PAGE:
Diet soda is getting more bad publicity. PepsiCo said this week that its latest quarter was boosted by “guilt-free” products such as diet soda and bottled water, as consumers move away from sugary drinks, but more research is casting a pall over artificially-sweetened beverages too.
Artificially sweetened beverages may be linked to an increased risk of stroke and dementia, according to a recent study by the American Heart Association’s peer-reviewed journal Stroke. The researchers looked at 2,888 people over the age of 45 (with a median age of 62) for stroke risks and 1,484 people over the age of 60 (with a median age of 69) for risk of dementia. After adjustments were made for age, sex, education, caloric intake, diet, exercise, and smoking, they found that diet soda drinks “were associated with an increased risk of ischemic stroke, all-cause dementia, and Alzheimer’s disease dementia.” (The study cites correlation rather than causation.)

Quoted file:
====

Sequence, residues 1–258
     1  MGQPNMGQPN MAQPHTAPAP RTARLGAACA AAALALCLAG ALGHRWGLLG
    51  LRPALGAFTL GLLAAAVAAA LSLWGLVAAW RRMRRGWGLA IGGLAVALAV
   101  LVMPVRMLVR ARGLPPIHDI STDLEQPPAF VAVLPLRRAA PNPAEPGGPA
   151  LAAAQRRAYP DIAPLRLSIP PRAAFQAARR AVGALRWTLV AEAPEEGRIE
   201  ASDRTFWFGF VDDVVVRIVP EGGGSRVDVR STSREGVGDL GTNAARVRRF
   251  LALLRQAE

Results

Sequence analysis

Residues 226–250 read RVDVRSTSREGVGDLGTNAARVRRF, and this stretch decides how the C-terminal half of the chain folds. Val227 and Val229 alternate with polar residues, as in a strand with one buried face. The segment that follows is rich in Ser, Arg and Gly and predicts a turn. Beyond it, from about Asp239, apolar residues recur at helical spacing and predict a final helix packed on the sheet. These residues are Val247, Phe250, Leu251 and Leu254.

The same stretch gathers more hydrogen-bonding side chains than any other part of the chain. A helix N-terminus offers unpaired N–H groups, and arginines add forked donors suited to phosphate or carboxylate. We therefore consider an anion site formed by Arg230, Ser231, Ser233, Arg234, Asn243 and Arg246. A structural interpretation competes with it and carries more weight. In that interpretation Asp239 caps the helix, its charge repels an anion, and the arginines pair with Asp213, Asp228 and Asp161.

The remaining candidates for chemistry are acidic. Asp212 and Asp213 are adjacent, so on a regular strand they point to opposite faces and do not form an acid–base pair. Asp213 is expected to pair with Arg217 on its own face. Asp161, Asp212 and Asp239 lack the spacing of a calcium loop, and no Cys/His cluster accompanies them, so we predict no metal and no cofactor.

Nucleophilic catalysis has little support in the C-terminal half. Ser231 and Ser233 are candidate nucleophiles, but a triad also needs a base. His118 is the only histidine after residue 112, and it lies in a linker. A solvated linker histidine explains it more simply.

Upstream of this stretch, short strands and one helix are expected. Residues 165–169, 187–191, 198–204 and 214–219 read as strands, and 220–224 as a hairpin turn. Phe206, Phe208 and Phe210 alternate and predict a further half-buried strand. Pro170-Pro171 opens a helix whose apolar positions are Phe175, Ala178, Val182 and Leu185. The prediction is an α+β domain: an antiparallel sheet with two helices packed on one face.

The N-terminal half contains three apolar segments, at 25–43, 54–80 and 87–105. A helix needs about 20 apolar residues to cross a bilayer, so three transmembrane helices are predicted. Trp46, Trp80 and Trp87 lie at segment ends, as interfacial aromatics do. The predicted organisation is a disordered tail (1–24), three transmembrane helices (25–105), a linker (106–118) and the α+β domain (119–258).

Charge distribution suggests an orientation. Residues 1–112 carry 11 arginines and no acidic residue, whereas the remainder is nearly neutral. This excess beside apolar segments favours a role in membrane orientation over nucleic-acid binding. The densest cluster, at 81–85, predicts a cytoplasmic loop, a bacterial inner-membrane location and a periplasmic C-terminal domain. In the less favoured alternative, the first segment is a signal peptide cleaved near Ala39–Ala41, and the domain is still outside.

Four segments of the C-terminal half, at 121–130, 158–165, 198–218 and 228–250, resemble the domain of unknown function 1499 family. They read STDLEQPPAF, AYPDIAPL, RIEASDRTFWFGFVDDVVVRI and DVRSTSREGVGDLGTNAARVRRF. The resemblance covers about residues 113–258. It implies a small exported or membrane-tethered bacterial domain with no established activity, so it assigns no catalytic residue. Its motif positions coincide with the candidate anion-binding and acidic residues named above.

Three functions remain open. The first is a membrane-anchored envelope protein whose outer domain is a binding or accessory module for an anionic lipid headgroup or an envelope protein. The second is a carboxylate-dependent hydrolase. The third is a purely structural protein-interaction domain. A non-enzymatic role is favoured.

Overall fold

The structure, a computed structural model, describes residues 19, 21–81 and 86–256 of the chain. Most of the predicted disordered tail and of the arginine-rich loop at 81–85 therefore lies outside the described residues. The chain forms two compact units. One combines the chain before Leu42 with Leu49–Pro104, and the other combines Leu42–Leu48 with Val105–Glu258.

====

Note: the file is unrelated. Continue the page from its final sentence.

Diet soda sales have tumbled as consumers, turned off by studies on artificial sweeteners, have switched to bottled water, teas and energy drinks, instead. And this not the first study that has made a connection between diet soda to other serious medical issues. Several recent studies have linked diet soda and cardiovascular disease and showed a correlation (if not a causation) between cancer and aspartame. The beverage industry says people who are overweight and already at risk for heart disease may consume more diet drinks in an attempt to control their weight and the Food and Drug Administration has ruled that artificial sweeteners are safe.
SOURCE: QUENTIN FOTTRELL